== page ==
Conclusion: This study demonstrated the presence of recessive defects associated with low reproductive performance in the analyzed population, which can affect the health and productivity of dairy cattle. Therefore, cows and bulls should be closely monitored through genetic testing to lower the incidence of recessive defects in dairy cattle.
Keywords: Artificial insemination, Bos taurus, Fertility, Hereditary diseases.
Most dairy cattle breeds originate from a small number of founder animals through artificial insemination with a strong selection for a few productive traits (Fritz et al., 2013; Liebig et al., 2022). Consequently, these breeds show an average generational inbreeding rate of 1% that favors the appearance of recessive defects responsible for embryonic, fetal, and perinatal mortality because it increases homozygosity levels (Van Raden et al., 2011b; Fritz et al., 2013).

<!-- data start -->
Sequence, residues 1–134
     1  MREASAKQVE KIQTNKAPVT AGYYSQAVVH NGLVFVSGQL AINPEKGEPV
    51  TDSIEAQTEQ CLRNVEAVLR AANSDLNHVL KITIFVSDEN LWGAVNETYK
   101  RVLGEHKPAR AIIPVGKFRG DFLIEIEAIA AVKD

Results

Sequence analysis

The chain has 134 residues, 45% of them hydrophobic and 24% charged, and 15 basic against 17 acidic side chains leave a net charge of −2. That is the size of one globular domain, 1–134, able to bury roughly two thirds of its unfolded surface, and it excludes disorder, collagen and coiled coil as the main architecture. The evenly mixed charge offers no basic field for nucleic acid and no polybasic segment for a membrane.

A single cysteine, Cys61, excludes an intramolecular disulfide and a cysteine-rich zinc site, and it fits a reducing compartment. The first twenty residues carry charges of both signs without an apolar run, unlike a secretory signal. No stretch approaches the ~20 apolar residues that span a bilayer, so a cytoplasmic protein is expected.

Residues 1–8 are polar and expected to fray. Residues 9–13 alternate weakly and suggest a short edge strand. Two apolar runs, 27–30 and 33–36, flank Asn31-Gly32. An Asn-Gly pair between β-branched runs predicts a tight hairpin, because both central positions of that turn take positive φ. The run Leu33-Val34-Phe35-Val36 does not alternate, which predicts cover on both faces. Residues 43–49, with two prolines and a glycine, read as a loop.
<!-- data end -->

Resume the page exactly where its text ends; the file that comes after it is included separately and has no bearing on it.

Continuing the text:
The implementation of routine genotyping of hundreds and thousands of animals within popular US dairy breeds using single nucleotide polymorphism (SNP) chips has provided comprehensive genomic data for all current breeding populations (Van Raden et al., 2011b; Howard et al., 2017). Van Raden et al. (2011b) were the first to propose examining this type of data to identify genomic regions in homozygosity-deficient animals. In their work, they identified and listed five haplotypes out of 11 candidates with detrimental effects on fetal development, which could lead to abortion and fetal death in three dairy cattle breeds: Holstein Friesian (HH1, HH3, and HH4), Jersey (JH1), and Brown Swiss (BH1). After two years, other new lethal haplotypes were reported in Holstein Friesian cattle, and in the meantime, some were solved at the molecular level, such as HH1 ( APAF1, Adams et al., 2016), HH3 ( SMC2, Daetwyler et al., 2014; McClure et al., 2014), HH4 ( GART, Fritz et al., 2013) and HH5 ( TFB1M, Schütz et al., 2016). In the Danish Holstein population, a haplotype associated with a missense variant in the SLC35A3 gene that causes complex vertebral malformation (CVM) was identified (Thomsen et al., 2006). It was demonstrated that, in the homozygous state, the mutation typically results in intrauterine death. Sonstegard et al. (2013) identified the mutation in the CWC15 gene that is associated with the JH1 haplotype and negatively impacts reproduction in Jersey cattle. Recently, Häfliger et al. (2022) updated the SNP positions from the new Bos taurus genome version ARS-UCD1.2 (NCBI, ARS-UCD1.2 assembly, 2018; Rosen et al., 2020) in the genomic regions of the haplotypes previously identified by other authors (Thomsen et al., 2006; Sonstegard et al., 2013; Daetwyler et al., 2014; McClure et al., 2014; Adams et al., 2016).